The Pencil Today:


“As for the assertion that nuclear weapons prevent wars, how many more wars are needed to refute this argument? Tens of millions have died in the many wars that have taken place since 1945.” — Joseph Rotblat


Think about Hiroshima today.

Hiroshima Peace Memorial Museum

Think of how some 80,000 people were incinerated, virtually in the snap of a finger.

Think about how 80,000 more people died in ensuing days, weeks, and months from the effects of the nuclear blast that took place 1200 feet above their city on this date 67 years ago.

Don’t forget that World War II claimed more than 60 million lives. Some historians even estimate the death toll to have reached a hundred million.

But let’s stick with 60 million. A country with 60 million residents would be the 24th most populated in the entire world today.

Imagine if, within six years, all the people of Italy, population 60,813,326, were wiped off the face of the Earth.



Dreams and hopes became reality last night when Curiosity landed some 60 million miles away from Earth on the planet Mars.

The Shadow Of Curiosity

Yes, we can invent weapons that can kill hundreds of thousands and even millions of people in a single act. But we can also travel to another world.

Our desire to learn why and how our physical existence came into being very likely never will be slaked.

That’s why we go to Mars.


Many among us, though, believe they already possess that knowledge. They are so certain of it that they’ll take the lives of people who don’t share their belief — or even those whose belief varies in the slightest.

We are an odd species.

Here’s how I waste my time. How about you? Share your fave sites with us via the comments section. Just type in the name of the site, not the url; we’ll find them. If we like them, we’ll include them — if not, we’ll ignore them.

I Love ChartsLife as seen through charts.

XKCD — “A webcomic of romance, sarcasm, math, and language.”

SkepchickWomen scientists look at the world and the universe.

IndexedAll the answers in graph form, on index cards.

I Fucking Love ScienceA Facebook community of science geeks.

I Fucking Love Science

Present and CorrectFun, compelling, gorgeous and/or scary graphic designs and visual creations throughout the years and from all over the world.

Flip Flop Fly BallBaseball as seen through infographics, haikus, song lyrics, and other odd communications devices.

Mental FlossFacts.

Caps Off PleaseComics & fun.

Caps Off Please

SodaplayCreate your own models or play with other people’s models.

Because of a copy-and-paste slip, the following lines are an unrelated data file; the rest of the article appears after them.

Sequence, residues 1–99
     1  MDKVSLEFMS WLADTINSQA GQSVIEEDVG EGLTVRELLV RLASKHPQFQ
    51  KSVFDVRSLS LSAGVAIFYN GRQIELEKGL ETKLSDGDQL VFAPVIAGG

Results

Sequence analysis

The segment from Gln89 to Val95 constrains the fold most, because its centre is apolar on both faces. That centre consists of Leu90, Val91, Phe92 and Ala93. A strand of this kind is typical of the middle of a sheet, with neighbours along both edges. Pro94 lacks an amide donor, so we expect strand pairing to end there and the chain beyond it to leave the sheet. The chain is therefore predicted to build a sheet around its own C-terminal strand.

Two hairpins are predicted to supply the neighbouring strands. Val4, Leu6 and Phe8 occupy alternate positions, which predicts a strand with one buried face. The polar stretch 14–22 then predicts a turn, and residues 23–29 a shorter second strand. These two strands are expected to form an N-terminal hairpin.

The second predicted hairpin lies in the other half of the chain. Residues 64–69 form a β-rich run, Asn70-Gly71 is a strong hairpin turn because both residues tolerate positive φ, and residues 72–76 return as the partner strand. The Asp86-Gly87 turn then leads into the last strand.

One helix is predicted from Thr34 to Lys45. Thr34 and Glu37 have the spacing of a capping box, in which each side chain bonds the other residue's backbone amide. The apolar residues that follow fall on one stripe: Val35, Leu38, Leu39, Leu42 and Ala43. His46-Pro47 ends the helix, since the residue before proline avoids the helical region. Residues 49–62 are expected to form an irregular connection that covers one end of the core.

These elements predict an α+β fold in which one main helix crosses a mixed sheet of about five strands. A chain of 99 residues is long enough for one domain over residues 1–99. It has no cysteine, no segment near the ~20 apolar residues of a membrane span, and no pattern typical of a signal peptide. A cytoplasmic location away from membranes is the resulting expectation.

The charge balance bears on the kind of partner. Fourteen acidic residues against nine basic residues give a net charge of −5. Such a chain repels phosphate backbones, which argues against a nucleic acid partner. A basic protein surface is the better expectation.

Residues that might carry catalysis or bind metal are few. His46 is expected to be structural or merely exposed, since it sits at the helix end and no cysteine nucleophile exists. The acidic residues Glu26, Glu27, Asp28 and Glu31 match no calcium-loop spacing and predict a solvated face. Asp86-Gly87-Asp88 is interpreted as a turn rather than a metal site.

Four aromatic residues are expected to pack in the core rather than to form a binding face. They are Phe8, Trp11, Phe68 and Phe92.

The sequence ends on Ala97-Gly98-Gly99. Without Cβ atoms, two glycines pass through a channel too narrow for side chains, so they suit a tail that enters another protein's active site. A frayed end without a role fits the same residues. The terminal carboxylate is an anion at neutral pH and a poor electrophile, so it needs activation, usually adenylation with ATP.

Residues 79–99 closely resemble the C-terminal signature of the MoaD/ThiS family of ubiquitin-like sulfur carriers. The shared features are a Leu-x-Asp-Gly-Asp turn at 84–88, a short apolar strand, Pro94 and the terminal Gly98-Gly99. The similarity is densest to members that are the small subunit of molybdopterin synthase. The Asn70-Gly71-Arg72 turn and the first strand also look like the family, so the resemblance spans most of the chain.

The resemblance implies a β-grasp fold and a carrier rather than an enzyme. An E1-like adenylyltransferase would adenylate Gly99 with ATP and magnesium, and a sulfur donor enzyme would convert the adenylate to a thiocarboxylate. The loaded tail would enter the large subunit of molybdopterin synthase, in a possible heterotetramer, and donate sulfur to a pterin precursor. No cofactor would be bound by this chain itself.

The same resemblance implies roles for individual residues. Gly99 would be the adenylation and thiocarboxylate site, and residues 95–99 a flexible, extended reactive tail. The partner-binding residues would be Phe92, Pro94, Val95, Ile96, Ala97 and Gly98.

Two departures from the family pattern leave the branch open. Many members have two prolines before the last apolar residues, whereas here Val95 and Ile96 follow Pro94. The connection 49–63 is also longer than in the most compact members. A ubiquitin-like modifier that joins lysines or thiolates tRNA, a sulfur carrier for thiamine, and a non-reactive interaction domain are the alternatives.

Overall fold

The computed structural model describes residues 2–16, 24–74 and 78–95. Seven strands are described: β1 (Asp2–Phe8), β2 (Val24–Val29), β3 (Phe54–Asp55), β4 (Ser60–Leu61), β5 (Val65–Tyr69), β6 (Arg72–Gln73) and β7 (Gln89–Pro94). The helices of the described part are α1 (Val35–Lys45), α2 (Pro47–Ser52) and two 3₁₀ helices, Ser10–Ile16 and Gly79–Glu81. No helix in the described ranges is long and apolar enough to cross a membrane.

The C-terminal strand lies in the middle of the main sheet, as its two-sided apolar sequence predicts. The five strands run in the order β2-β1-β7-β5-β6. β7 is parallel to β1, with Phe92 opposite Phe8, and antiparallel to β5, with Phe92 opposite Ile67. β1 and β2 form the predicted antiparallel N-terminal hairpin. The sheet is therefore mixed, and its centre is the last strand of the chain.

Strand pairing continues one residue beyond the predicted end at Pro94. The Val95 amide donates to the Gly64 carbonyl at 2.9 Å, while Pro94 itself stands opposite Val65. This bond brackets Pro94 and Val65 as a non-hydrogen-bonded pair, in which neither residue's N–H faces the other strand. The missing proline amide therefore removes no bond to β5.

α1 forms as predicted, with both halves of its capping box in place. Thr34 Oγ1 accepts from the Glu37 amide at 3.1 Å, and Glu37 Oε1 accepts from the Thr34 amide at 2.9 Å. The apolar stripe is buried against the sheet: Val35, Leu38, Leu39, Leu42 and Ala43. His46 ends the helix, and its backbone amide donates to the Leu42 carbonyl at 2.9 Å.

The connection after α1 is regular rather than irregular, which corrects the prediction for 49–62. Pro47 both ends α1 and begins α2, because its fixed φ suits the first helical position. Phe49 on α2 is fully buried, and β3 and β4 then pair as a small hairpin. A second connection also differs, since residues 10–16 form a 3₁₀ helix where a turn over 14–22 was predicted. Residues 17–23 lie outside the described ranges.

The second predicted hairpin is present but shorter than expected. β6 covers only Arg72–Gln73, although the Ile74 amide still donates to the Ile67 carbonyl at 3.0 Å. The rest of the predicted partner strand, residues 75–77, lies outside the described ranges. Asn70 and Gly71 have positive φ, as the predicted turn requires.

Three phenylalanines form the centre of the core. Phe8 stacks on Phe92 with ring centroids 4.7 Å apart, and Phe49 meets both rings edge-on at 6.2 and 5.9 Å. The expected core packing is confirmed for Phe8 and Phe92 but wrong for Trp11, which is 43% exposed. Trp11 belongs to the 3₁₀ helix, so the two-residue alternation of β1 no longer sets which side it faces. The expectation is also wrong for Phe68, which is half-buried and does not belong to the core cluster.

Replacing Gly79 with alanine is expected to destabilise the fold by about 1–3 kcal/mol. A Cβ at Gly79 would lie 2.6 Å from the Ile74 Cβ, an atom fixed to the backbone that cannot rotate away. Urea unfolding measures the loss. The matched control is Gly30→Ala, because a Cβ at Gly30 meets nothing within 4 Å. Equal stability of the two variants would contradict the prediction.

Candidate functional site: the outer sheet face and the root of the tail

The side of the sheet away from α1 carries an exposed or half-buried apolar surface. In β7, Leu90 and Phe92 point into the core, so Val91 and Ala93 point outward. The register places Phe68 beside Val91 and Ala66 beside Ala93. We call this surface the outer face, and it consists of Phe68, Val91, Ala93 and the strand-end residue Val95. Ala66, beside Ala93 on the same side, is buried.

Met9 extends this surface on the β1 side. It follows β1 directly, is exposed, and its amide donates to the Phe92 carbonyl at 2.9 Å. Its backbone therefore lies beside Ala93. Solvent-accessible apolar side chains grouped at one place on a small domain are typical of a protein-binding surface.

Eat Sleep DrawAn endless stream of artwork submitted by an endless stream of people.

Big ThinkTapping the brains of notable intellectuals for their opinions, predictions, and diagnoses.

The Daily PuppySo shoot me.

Electron Pencil event listings: Music, art, movies, lectures, parties, receptions, games, benefits, plays, meetings, fairs, conspiracies, rituals, etc.

Brown County Career Resource Center, Nashville — Introduction to Renewable Energy, half-day course; 9am-1pm

Muddy Boots Cafe, Nashville — Rich Groner; 6-8:30pm

Cafe DjangoBloomington Short list, variety show hosted by Marta Jasicki; 7pm

The BishopZoo Animal, The Broderick, Triptides, St. Ranger; 9pm

The BluebirdDave Walters karaoke; 9pm


◗ Ivy Tech Waldron CenterExhibits:

  • “40 Years of Artists from Pygmalion’s”; opens Friday, August 3rd, through September 1st

◗ IU Art MuseumExhibits:

  • Qiao Xiaoguang, “Urban Landscape: A Selection of Papercuts” ; through August 12th
  • “A Tribute to William Zimmerman,” wildlife artist; through September 9th
  • Willi Baumeister, “Baumeister in Print”; through September 9th
  • Annibale and Agostino Carracci, “The Bolognese School”; through September 16th
  • “Contemporary Explorations: Paintings by Contemporary Native American Artists”; through October 14th
  • David Hockney, “New Acquisitions”; through October 21st
  • Utagawa Kuniyoshi, “Paragons of Filial Piety”; through fall semester 2012
  • Julia Margaret Cameron, Edward Weston, & Harry Callahan, “Intimate Models: Photographs of Husbands, Wives, and Lovers”; through December 31st
  • “French Printmaking in the Seventeenth Century”; through December 31st

◗ IU SoFA Grunwald GalleryExhibits:

  • Coming — Media Life; August 24th through September 15th
  • Coming — Axe of Vengeance: Ghanaian Film Posters and Film Viewing Culture; August 24th through September 15th

◗ IU Kinsey Institute Gallery“Ephemeral Ink: Selections of Tattoo Art from the Kinsey Institute Collection”; through September 21st

◗ IU Lilly LibraryExhibit, “Translating the Canon: Building Special Collections in the 21st Century”; through September 1st

◗ IU Mathers Museum of World CulturesClosed for semester break, reopens Tuesday, August 21st

Monroe County History Center Exhibits:

  • “What Is Your Quilting Story?”; through July 31st
  • Photo exhibit, “Bloomington: Then and Now” by Bloomington Fading; through October 27th

One thought on “The Pencil Today:

  1. John Bergman says:

    Think about the American Civil War. 600,000+ died in combat. Some round it off to 700,000 to account for civilian deaths due to “collateral damage” or starvation down South. This in a nation of 31.5 million. In today’s terms, that’s the equivalent of 6-7 million dying. People were aware of the enormity of the loss, but immigration quickly swelled the population, at least up North, and productivity surged. Not so down South, which lagged for the next century. Looking at it from an economic/demographic perspective may seem a bit cold, but that loss of approximately 235,000 white males (the North lost more) was an important factor in the furious attempts to reestablish racial control. Yes, we are an odd species.

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